"Customers think these companies are going to do the right thing ... but the minute a claim comes around, we are waiting two to three months after the storm. Customers are confused, and they are getting frustrated."
Krause said that realization began to dawn on him after his insurance and mortgage companies blamed each other instead of helping him.
After he mentioned an attorney's name, his mortgage company's representative promised to resolve his problem. Krause said he was prepared to contact the attorney if the promise was not kept.
Sometimes, taking insurance companies to court is the only available option, said Crossroads attorney Alex Hernandez.
Since Harvey, he has reviewed "dozens and dozens" of cases from property owners with insurance woes.
"I'm getting everything from roofs to fences to boats," he said.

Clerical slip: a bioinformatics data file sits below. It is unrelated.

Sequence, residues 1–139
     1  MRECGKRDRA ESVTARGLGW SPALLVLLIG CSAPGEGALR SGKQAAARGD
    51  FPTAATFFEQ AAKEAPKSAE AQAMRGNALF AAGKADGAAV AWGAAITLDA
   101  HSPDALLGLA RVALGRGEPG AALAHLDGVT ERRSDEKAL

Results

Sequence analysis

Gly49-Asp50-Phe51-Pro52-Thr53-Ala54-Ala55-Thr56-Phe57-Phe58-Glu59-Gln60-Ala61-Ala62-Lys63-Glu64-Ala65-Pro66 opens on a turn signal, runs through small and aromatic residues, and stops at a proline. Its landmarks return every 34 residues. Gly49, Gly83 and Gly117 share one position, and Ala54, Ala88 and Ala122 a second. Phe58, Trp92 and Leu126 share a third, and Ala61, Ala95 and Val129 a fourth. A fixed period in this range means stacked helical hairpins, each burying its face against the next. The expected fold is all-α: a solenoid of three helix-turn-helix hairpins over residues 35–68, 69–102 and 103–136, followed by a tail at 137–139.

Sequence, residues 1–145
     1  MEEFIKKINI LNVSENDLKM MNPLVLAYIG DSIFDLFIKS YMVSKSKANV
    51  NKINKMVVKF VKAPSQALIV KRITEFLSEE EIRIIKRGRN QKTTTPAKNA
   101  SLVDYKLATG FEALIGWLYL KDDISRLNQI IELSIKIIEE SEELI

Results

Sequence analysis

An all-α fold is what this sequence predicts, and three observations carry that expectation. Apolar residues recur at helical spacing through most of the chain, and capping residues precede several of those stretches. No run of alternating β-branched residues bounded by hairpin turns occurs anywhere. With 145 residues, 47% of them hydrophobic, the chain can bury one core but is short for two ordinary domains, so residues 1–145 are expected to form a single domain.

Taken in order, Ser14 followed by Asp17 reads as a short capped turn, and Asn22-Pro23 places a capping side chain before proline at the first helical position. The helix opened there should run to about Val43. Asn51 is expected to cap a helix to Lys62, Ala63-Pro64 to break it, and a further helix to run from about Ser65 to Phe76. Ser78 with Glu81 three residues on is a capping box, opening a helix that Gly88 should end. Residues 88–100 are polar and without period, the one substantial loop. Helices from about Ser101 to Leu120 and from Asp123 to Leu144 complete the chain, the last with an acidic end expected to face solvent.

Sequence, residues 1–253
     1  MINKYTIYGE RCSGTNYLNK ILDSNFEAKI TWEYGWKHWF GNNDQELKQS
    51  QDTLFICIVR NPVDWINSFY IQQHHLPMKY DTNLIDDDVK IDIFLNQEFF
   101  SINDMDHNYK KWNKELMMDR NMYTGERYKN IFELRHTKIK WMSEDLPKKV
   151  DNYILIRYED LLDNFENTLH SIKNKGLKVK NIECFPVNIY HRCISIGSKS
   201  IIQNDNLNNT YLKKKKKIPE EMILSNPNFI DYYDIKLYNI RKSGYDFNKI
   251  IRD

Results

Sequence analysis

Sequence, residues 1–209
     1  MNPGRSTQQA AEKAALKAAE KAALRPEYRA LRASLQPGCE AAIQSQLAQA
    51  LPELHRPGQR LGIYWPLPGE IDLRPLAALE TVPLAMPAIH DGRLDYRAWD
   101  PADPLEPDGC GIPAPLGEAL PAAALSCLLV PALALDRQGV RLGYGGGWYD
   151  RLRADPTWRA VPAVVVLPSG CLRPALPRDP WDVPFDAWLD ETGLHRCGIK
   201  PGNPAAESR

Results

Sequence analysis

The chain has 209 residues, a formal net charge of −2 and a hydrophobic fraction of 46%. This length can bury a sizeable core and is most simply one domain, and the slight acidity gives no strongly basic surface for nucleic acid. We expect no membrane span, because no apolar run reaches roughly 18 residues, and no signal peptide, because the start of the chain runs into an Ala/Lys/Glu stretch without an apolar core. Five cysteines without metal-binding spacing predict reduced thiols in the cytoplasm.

One boat owner consulting with Hernandez received a $2,000 payment from his insurance company for a $100,000 sailboat that required the replacement of its mast, riggings and other essential and expensive parts.
Underpaying claims, Hernandez said, is a common tactic used by insurance companies. Ideally, he said, companies should completely compensate policyholders for the cost of replacing or repairing the damaged property.
"They're never going to give you that," Hernandez said. "They think you are going to take the first $500 they give you. That's the way insurance companies have been doing business for many years."
Winning a lawsuit for a dishonest or bad-faith claim often begins with getting a second or even third opinion. While many insurance companies send their own adjusters to assess property damage, inexperience, dishonesty or laziness can result in undervaluing damage, Hernandez said.